Early Drawings of American Cities Include Many from Texas



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Library of Congress

About a century before GPS systems gave us digitized versions of maps and satellite or bird's-eye views of streets and neighborhoods, mapmakers created two-dimensional versions of maps that created the illusion of "being there." 

One such mapmaker helped capture the early days of towns in the Upper East Side of Texas. The famed American cartographer T.M. Fowler produced 411 hand-drawn two-dimensional panoramic images of cities in 21 states throughout the U.S. -- 13 of Texas cities. His creations depicting Texas cities include Wolfe City (Hunt County), Honey Grove (Fannin), Greenville (Hunt), Denison (Grayson), and Ladonia (Fannin). Austin, Fort Worth, Galveston, and San Antonio were also subjects of Fowler's.These and others are now archived in the Library of Congress. They are greatly prized by the communities which they depict.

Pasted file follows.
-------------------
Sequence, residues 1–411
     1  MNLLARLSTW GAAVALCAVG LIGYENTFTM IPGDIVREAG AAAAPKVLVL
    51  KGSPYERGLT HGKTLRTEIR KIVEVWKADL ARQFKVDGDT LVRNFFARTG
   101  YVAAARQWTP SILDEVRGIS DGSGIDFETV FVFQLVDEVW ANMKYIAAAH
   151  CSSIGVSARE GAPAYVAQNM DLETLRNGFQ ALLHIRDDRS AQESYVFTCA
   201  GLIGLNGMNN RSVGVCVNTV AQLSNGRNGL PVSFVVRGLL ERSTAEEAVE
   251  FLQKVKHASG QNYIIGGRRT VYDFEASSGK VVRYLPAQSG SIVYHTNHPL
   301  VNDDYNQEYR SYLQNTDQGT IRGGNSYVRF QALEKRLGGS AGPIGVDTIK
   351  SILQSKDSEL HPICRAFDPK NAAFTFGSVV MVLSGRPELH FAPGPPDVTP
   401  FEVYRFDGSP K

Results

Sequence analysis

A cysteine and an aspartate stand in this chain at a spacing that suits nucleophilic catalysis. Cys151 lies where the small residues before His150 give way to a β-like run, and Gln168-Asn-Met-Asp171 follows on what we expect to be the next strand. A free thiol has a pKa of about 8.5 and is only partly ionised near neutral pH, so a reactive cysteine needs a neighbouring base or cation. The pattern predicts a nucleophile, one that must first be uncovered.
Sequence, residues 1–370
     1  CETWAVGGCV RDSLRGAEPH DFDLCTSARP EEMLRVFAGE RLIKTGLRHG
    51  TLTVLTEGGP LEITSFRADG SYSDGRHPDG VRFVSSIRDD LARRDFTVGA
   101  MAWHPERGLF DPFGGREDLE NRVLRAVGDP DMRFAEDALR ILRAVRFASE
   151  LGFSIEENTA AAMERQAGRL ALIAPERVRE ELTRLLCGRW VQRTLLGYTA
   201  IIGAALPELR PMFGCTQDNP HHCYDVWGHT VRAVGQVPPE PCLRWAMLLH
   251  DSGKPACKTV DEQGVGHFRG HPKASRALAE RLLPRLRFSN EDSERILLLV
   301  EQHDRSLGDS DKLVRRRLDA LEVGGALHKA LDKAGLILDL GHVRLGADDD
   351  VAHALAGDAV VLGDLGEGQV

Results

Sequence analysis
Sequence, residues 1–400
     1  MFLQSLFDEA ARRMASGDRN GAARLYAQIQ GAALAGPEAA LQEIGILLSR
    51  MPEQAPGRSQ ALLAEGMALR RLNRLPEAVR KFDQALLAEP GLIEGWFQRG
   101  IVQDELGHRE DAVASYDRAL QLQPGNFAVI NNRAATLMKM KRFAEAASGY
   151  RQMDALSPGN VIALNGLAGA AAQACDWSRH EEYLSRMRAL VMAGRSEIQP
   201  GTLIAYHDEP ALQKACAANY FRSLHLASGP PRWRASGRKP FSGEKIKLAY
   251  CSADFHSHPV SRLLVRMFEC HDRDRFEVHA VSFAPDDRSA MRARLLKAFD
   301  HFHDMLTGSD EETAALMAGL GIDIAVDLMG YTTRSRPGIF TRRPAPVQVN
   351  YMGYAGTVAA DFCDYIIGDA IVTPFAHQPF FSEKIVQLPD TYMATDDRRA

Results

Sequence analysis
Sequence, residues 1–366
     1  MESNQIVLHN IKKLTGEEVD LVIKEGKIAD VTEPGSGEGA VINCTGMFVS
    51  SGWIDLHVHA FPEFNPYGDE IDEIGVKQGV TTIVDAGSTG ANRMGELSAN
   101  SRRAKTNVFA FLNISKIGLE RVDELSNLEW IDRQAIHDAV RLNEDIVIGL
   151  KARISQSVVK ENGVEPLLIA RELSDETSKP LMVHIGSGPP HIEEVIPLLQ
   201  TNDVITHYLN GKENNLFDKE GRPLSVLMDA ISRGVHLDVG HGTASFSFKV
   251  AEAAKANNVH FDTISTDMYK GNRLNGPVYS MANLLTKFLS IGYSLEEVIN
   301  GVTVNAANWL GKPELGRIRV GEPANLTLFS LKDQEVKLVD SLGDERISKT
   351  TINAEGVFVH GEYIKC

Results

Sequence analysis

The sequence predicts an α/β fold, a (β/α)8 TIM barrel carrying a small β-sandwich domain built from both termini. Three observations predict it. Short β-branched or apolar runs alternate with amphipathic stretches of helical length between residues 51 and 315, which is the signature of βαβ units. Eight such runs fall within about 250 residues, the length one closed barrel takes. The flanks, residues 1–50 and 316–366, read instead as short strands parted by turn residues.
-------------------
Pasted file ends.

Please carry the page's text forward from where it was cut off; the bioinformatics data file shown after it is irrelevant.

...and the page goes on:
Fowler was born December 21, 1842, in Massachusetts. After serving in the Civil War, he worked for his uncle, a photographer. That was the beginning of Fowler's lifelong interest in capturing images. While photography was obviously a technological advancement, it had its limitations. Photographic images were initially not sharp and detail was lost. Also, photography was limited to one-dimensional shots like a portrait of a famous person standing up against a wall.

Fowler realized that professional drawing could create an image that early photography could not match. He started a cartography business in Morrisville, Pennsylvania, in 1885. The business moved to Madison, Wisconsin, shortly after that. 

Approximately 5,000 panoramic maps of American cities were made during this time by numerous artists like Fowler. The special geographical projects made money for the creators. A cartographer would travel to numerous cities, gain newspaper publicity and sell printed panoramic "maps" to the general public living there who would buy them. Once the drawing was completed, the artist would send it to a lithographic plant and move on to the next city. Sometimes merchants would buy extra copies to either resell or use as free advertisements.

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